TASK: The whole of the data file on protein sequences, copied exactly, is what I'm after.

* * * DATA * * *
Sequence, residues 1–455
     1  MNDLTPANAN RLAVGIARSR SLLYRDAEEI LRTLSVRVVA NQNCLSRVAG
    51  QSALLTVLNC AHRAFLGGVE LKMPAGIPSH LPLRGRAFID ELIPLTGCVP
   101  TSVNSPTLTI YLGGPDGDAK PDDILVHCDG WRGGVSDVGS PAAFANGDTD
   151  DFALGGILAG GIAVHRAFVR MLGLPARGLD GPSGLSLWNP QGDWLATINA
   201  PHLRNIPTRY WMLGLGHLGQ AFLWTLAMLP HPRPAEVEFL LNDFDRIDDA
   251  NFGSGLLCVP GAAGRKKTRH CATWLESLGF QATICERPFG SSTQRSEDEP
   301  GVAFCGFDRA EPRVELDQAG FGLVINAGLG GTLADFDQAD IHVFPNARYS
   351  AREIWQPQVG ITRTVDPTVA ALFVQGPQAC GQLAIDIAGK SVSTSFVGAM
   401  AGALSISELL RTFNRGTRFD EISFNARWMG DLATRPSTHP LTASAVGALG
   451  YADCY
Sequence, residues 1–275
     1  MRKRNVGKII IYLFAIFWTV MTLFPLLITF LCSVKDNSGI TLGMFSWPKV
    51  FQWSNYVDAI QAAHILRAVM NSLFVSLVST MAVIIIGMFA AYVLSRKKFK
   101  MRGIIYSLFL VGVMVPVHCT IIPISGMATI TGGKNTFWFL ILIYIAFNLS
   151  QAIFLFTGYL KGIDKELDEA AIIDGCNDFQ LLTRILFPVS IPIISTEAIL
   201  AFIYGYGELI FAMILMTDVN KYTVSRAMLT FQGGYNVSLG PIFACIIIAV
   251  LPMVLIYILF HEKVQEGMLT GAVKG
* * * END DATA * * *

Sequence, residues 1–455
     1  MNDLTPANAN RLAVGIARSR SLLYRDAEEI LRTLSVRVVA NQNCLSRVAG
    51  QSALLTVLNC AHRAFLGGVE LKMPAGIPSH LPLRGRAFID ELIPLTGCVP
   101  TSVNSPTLTI YLGGPDGDAK PDDILVHCDG WRGGVSDVGS PAAFANGDTD
   151  DFALGGILAG GIAVHRAFVR MLGLPARGLD GPSGLSLWNP QGDWLATINA
   201  PHLRNIPTRY WMLGLGHLGQ AFLWTLAMLP HPRPAEVEFL LNDFDRIDDA
   251  NFGSGLLCVP GAAGRKKTRH CATWLESLGF QATICERPFG SSTQRSEDEP
   301  GVAFCGFDRA EPRVELDQAG FGLVINAGLG GTLADFDQAD IHVFPNARYS
   351  AREIWQPQVG ITRTVDPTVA ALFVQGPQAC GQLAIDIAGK SVSTSFVGAM
   401  AGALSISELL RTFNRGTRFD EISFNARWMG DLATRPSTHP LTASAVGALG
   451  YADCY
Sequence, residues 1–275
     1  MRKRNVGKII IYLFAIFWTV MTLFPLLITF LCSVKDNSGI TLGMFSWPKV
    51  FQWSNYVDAI QAAHILRAVM NSLFVSLVST MAVIIIGMFA AYVLSRKKFK
   101  MRGIIYSLFL VGVMVPVHCT IIPISGMATI TGGKNTFWFL ILIYIAFNLS
   151  QAIFLFTGYL KGIDKELDEA AIIDGCNDFQ LLTRILFPVS IPIISTEAIL
   201  AFIYGYGELI FAMILMTDVN KYTVSRAMLT FQGGYNVSLG PIFACIIIAV
   251  LPMVLIYILF HEKVQEGMLT GAVKG